Whether you’re in foreclosure or just a few payments behind, we’ll help you get caught up on your mortgage and real estate taxes using Chapter 13
Many people think that filing bankruptcy will cause them to lose their home. This is absolutely not true. One of the principal reasons that people file Chapter 13 bankruptcy is to protect their home or other real estate when they are behind on mortgage payments. As soon as a Chapter 13 case is filed, the mortgage company is instantly stopped from pursuing any action against the homeowner. The homeowner does not have to make any immediate payments to get caught up. Instead, he or she begins making the regular mortgage payments each month, together with an affordable extra payment towards the mortgage arrears. It is almost like being approved for a home equity loan (the big difference is that you are eligible for chapter 13 regardless of your credit). So long as the homeowner makes the future mortgage payments and the required plan payment, the home is protected. This powerful remedy is known as the automatic stay, and it protects people against all forms of creditor activity, such as car repossessions, wage garnishments, and creditor harassment.
Most people who are behind on their mortgage also have other debt problems, so they probably need to file bankruptcy even if they are eligible for a mortgage loan modification
In my experience, it is rare to see a situation in which the client is behind on mortgage payments but current on their other bills. Most people realize that they need to pay their mortgage before any other monthly bill. So, if someone isn’t paying their mortgage, it probably means something really bad has happened, such as a job loss, illness, or divorce. By the time the homeowner defaults on the mortgage, the homeowner has typically stopped paying all other bills, such as credit card debts and personal loans . Even if the homeowner is successful in negotiating a loan modification, he or she probably has many other bills that have piled up, and significant damage to the individual’s credit score has occurred.
Understandably, most people who are behind on their mortgage tend to focus their attention on the loan modification process and put their other debts on the “back burner.” However, in our opinion, this is not the best approach. A majority of people are actually turned down when applying for a loan modification, and the banks often take months to review the application (if they ever review it at all). While the application is pending, the bank may not place the foreclosure action on hold, and the homeowner may end up incurring thousands of dollars in bank legal fees and costs. By filing the Chapter 13 bankruptcy case quickly, the homeowner is able to deal with the all of their debt problems at once and also obtain peace of mind in knowing that the home is protected.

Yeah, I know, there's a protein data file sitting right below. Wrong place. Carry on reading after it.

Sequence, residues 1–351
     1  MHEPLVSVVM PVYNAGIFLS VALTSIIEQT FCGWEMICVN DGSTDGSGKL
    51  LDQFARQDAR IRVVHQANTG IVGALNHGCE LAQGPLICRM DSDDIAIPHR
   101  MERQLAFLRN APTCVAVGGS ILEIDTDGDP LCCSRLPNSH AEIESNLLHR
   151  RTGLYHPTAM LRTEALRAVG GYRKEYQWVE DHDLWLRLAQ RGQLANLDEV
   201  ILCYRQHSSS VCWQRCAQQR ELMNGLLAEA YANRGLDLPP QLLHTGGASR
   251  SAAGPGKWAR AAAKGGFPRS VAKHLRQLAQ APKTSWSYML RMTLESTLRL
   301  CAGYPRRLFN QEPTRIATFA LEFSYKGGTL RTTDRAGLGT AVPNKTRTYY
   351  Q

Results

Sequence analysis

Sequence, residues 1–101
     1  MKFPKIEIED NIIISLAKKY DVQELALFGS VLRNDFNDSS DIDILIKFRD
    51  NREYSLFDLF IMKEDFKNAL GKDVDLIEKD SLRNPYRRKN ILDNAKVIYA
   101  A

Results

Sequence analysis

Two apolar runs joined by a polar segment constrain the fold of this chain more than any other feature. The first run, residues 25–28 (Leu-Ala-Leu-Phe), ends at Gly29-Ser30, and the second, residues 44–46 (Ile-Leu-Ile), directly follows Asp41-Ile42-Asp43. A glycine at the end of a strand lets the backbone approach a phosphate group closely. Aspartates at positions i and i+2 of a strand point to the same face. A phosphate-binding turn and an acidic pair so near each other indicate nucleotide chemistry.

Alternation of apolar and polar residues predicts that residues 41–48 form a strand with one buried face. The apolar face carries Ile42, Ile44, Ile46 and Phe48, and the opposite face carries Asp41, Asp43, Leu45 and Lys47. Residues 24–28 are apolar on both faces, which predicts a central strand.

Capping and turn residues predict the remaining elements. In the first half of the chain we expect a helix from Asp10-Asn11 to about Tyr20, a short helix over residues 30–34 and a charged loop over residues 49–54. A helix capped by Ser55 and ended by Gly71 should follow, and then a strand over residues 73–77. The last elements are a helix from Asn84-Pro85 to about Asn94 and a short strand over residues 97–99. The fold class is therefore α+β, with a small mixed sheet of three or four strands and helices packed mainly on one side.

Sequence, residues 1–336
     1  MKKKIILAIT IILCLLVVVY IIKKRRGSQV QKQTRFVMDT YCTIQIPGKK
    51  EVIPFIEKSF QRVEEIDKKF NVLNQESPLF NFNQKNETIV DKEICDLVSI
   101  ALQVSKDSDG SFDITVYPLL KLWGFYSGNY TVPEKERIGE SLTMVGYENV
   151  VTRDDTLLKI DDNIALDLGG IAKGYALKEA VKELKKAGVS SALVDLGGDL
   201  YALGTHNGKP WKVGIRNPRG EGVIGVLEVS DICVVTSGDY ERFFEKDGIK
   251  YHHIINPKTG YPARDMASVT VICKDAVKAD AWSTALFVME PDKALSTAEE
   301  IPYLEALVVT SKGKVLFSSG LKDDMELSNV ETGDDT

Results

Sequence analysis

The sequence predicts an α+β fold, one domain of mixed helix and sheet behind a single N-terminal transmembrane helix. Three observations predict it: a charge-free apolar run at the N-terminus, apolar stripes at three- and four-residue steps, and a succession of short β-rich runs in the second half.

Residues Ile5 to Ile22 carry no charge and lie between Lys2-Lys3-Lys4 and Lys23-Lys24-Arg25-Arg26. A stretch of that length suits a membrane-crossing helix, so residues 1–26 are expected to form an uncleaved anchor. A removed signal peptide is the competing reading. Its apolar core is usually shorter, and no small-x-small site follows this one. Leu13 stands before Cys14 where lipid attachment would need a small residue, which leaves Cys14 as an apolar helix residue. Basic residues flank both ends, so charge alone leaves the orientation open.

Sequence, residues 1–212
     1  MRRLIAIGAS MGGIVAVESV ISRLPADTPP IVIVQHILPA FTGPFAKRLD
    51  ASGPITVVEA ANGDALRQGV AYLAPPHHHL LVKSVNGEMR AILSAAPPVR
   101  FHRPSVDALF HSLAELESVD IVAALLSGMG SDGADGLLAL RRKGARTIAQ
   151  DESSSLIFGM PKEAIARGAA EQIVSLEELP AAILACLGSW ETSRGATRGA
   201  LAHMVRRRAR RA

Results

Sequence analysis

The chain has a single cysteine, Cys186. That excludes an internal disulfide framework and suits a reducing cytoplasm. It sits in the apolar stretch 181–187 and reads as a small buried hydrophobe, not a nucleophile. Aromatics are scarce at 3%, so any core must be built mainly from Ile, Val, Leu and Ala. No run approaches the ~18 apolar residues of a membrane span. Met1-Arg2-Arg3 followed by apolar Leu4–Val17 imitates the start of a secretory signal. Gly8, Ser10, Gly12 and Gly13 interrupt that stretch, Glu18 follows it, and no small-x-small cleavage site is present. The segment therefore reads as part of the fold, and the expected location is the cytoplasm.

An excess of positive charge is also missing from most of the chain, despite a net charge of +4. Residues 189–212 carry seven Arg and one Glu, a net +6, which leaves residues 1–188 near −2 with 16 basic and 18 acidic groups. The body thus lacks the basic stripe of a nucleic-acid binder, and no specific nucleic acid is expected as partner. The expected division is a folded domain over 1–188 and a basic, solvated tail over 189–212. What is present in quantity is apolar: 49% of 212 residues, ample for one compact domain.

We believe that a confirmed Chapter 13 plan gives the homeowner leverage in negotiating a mortgage loan modification
While under the protection of the Chapter 13 plan, the homeowner should pursue a loan modification with the mortgage company if the homeowner has realistic chance of approval (we will tell you). A loan modification can help in ways the bankruptcy cannot, such as lowering the monthly payment, reducing the interest rate, and stretching out the term of the loan. Generally speaking, we encourage the homeowner to wait until after the Chapter 13 plan is confirmed before applying for the modification.
Many people think that the filing of the bankruptcy ends their chance of applying for a loan modification. Actually, we believe that the reverse is true. With mortgage delinquencies in the millions, the banks are not happy to have so many bad loans on their books. It is not good for their image or their stock value. When a mortgage is delinquent, the bank is looking to eliminate the bad loan as soon as possible. In some cases, the banks feel it is in their interest to modify the loan. In most cases, we think the bank would rather foreclose as quickly as possible and cut its losses. When a Chapter 13 case is confirmed, the situation changes. Now the bank may be forced to carry the mortgage as a non-performing loan on its books for up to five years. We think this makes the bank much more receptive to a mortgage loan modification, and we believe that many Chapter 13 clients are approved for modifications for which they would not have been approved without the bankruptcy. In fact, in a significant percentage of chapter 13 cases, we actually receive letters from the banks inviting the homeowner to apply for a modification.